This was a cross-sectional study among individuals aged ≥ 18 ≤ 50 years. The study was conducted in December 2020 among participants living in Nabutezi, Butete, Siamatika, and Machamvwa areas in Siavonga district, areas known to be endemic for schistosomiasis infections—both S. haematobium and S. mansoni. In a previous study, these areas in particular recorded the highest number of people infected with both species (Halwindi et al., 2017), making them suitable study sites for the evaluation of the test kit. A total of 440 participants were enrolled in the study. During the screening process before seeking consent, participants who had received schistosomiasis treatment in the last 6 months were excluded. Sociodemographic data was collected using a questionnaire, and specimen containers were used for stool, urine, and blood samples. To mitigate the risk related to phlebotomy, only trained and certified phlebotomists collected blood samples. Appropriate aseptic procedures were instituted to minimize any risk of infections. No adverse events were reported during the drawing of blood samples for the index test. Individuals who were diagnosed with schistosomiasis based on microscopy were treated with Praziquantel at 40 mg/kg body weight.
The stool samples were collected in a leak proof plastic container with an integrated spatula. Urine samples were collected in a wide mouth leak proof container between 10 am and 2 pm to maximise yield as egg excretion of Schistosoma heamatobium occur in a circadian rhythm (Montresor et al., 1998).The specimen containers were clearly labelled with the participant’s identification number, sex, age as well as date and time of collection. Once collected, specimens were processed with duplicate stool smears made from each stool sample and examined within 12 h for Schistosoma eggs with egg count expressed as eggs per gram of stool. Parasitological data was obtained using the standard Kato-Katz technique and urine filtration method as outlined by Katz et al. (1972). Diagnosis on urine was based on the detection of eggs of S. haematobium in 10 ml of urine samples based on the filtration method described by Mott et al. (1982) for processing all urine samples. Infection intensities were expressed as number of eggs counted per 10 ml urine. For quality assurance, the slides were analysed microscopically by two separate technicians.
Schistosoma ICT IgG–IgM cassettes were purchased from LDBIO Diagnostics (Lyon, France). They were stored and used according to manufacturer’s guidelines. Venous blood was collected in a plain red top vacutainer and span in a centrifuge at 700×g for 3 min. One drop of 20 µL serum was added to the sample well of the Schistosoma ICT IgG/IgM cassette, followed by 3 drops of buffer solution. Test results were read after 20–30 min. Colour development of the control band indicated that the test was good, and a test band indicated if the result is positive or not.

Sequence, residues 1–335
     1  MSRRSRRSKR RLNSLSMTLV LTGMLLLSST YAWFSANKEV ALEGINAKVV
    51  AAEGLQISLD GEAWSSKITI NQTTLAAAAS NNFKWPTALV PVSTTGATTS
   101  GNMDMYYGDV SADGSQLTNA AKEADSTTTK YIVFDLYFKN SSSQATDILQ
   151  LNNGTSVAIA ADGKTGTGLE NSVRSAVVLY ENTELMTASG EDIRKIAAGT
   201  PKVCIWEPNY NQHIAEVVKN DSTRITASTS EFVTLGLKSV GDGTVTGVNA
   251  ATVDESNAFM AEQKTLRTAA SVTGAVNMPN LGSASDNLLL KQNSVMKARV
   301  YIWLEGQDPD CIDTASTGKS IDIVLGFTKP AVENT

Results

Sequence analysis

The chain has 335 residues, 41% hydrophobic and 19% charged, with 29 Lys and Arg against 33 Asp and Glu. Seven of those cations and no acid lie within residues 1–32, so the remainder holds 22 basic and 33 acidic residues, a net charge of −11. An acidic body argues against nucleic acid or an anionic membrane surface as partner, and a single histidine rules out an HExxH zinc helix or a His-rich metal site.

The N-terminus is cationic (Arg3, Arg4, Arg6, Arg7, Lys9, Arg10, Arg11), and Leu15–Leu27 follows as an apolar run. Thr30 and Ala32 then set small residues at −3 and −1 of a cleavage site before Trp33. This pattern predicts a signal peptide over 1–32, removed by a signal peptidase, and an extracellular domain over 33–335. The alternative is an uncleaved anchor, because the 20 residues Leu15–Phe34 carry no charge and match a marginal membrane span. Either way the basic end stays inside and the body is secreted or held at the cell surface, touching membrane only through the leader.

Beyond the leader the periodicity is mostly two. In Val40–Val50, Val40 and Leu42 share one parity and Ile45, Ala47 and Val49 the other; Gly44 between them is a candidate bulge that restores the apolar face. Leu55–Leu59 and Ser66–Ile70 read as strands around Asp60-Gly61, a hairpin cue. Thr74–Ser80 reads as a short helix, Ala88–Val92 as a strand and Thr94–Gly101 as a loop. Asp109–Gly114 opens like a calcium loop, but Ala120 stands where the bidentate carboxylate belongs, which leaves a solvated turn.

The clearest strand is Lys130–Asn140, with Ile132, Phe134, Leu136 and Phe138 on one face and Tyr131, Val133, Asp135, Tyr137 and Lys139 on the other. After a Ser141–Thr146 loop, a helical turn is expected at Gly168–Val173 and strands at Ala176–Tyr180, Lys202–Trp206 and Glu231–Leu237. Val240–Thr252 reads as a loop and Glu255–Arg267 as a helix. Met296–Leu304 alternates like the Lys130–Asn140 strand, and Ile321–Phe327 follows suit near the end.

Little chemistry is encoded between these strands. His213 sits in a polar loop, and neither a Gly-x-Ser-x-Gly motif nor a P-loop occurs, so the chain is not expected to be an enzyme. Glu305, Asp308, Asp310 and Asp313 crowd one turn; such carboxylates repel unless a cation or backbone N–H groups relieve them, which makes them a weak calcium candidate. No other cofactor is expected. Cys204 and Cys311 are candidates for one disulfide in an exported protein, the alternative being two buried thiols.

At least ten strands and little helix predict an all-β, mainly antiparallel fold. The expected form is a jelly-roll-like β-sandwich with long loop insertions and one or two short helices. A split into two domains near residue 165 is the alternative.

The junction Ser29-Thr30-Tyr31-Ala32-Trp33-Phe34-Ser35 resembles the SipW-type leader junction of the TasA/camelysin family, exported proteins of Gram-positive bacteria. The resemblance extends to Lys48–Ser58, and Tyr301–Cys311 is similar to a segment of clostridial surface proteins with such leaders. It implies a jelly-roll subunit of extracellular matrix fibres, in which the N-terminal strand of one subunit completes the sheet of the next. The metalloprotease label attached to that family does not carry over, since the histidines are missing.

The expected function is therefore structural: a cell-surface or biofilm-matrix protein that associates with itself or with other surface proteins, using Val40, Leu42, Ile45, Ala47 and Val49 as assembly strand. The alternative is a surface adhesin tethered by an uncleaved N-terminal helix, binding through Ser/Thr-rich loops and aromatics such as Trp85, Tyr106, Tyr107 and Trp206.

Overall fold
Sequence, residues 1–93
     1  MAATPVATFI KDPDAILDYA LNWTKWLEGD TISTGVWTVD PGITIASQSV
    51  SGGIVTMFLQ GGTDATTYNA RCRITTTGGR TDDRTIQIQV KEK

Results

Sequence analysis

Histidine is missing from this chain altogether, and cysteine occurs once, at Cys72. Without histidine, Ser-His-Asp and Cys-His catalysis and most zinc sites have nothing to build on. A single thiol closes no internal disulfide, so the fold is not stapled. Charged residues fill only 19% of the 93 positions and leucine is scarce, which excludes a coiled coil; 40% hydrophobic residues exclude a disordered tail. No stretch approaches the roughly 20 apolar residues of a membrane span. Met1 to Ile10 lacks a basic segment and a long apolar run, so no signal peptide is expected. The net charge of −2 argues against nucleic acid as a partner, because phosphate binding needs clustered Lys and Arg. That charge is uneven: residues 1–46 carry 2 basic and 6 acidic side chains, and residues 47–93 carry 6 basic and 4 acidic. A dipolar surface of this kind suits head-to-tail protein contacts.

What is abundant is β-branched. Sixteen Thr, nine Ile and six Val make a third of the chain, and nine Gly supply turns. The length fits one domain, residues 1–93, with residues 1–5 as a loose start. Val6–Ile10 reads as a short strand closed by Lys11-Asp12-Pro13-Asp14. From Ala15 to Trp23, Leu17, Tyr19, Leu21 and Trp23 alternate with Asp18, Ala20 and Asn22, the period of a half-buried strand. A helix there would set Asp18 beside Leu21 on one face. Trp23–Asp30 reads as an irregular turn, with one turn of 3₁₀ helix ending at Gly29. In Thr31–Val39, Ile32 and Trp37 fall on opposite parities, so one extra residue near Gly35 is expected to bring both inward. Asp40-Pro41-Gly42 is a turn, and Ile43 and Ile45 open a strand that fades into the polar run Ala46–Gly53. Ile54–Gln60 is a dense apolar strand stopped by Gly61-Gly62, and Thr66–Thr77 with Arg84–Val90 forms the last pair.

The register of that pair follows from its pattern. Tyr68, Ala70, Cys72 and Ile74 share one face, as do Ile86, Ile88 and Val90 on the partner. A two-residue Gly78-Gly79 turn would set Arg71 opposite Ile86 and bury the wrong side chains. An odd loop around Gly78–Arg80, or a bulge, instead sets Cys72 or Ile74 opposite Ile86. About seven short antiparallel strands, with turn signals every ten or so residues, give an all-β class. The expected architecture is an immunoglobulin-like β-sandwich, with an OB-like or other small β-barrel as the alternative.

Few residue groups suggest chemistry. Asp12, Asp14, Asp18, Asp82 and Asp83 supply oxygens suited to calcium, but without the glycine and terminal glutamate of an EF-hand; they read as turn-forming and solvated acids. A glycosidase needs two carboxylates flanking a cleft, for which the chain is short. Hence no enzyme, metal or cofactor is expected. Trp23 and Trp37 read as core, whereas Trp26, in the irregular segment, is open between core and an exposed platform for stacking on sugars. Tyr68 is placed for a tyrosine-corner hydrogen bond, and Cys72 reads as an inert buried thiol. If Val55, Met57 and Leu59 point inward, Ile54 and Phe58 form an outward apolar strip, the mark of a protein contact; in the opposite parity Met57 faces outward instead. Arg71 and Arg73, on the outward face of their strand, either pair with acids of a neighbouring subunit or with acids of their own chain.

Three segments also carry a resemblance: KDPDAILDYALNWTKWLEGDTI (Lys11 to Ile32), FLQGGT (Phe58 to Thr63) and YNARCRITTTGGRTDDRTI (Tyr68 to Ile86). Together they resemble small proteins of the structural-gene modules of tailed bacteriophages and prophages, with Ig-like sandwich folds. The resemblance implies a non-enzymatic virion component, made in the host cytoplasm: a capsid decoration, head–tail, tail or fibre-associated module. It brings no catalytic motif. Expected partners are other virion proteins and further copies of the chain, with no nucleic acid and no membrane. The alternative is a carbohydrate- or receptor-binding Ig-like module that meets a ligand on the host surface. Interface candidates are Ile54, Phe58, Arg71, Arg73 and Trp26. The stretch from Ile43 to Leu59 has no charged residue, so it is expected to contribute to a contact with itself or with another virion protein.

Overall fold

Data analysis plan
The data collected was first entered in Research Electronic Data Capture (REDCap) and thereafter exported to Stata version 15 for analysis. Descriptive statistics (frequency, mean, median, proportions, range, interquartile range, standard deviation) were computed to understand the distribution of the data. The Chi-square test was used to determine the relationship between infections and sociodemographic variables. Sensitivity, specificity, and predictive values of the Schistosoma ICT IgG/IgM rapid diagnostic test were calculated relative to the reference methods of Kato-Katz technique and urine filtration method. The area under the curve (AUC) was deduced to determine the diagnostic accuracy of the Schistosoma ICT IgG–IgM test. To determine the statistical significance of the findings, p < 0.05 and 95% confidence interval were used.
Ethical approval was granted by the University of Zambia Biomedical Research Ethics Committee (REF. No. 822-2020) and the National Health Research Authority granted permission to conduct the study. Information regarding the study was provided to the participants and their participation was solely on voluntary basis and all enrolled participants gave written informed consent.
Basic characteristics of the study population
The study comprised 440 participants with a median age of 30 years [interquartile range (IQR) (22, 41)] and 247 (56.1%) were females. Majority of females compared with males had a higher prevalence of schistosomiasis (56.8% vs. 43.2%). Using microscopy test, participants who were married (n = 34, 77.3%) and used underground water (n = 40, 90.9%) had a higher proportion of schistosomiasis (Table 1). The univariate analysis of factors associated with schistosome infection based on microscopy and Schistosoma ICT IgG–IgM test showed a comparable result (p > 0.05).
Prevalence of schistosomiasis
The prevalence of schistosome infections in urine (S. haematobium) was found to be rather low (n = 19 [4.4%]; 95%CI 2.6–6.7), while that in stool (S. mansoni) was slightly higher (n = 26 [6.0%]; 95%CI 3.9–8.6). The seroprevalence of Schistosomiasis based on Schistosoma ICT IgG–IgM (both S. haematobium and S. mansoni) was 314 (71.4%); 95%CI 66.9–75.5. The combined prevalence from urine and stool was found to be 44 (10.0%); 95%CI 7.3–13.2.
Diagnostic performance of Schistosoma ICT IgG/IgM
The diagnostic performance of Schistosoma ICT IgG–IgM test was evaluated using 430 of 440 the participants’ samples which had complete data (Fig. 1). Out of the 430, 42 individuals tested positive for schistosome infection using the reference microscopy schistosome tests as well as using the Schistosoma ICT IgG–IgM rapid tests. Of the 388 who tested negative using the standard reference method, 263 participants tested positive using the Schistosoma ICT IgG–IgM test. The remaining 125 participants were negative on both tests.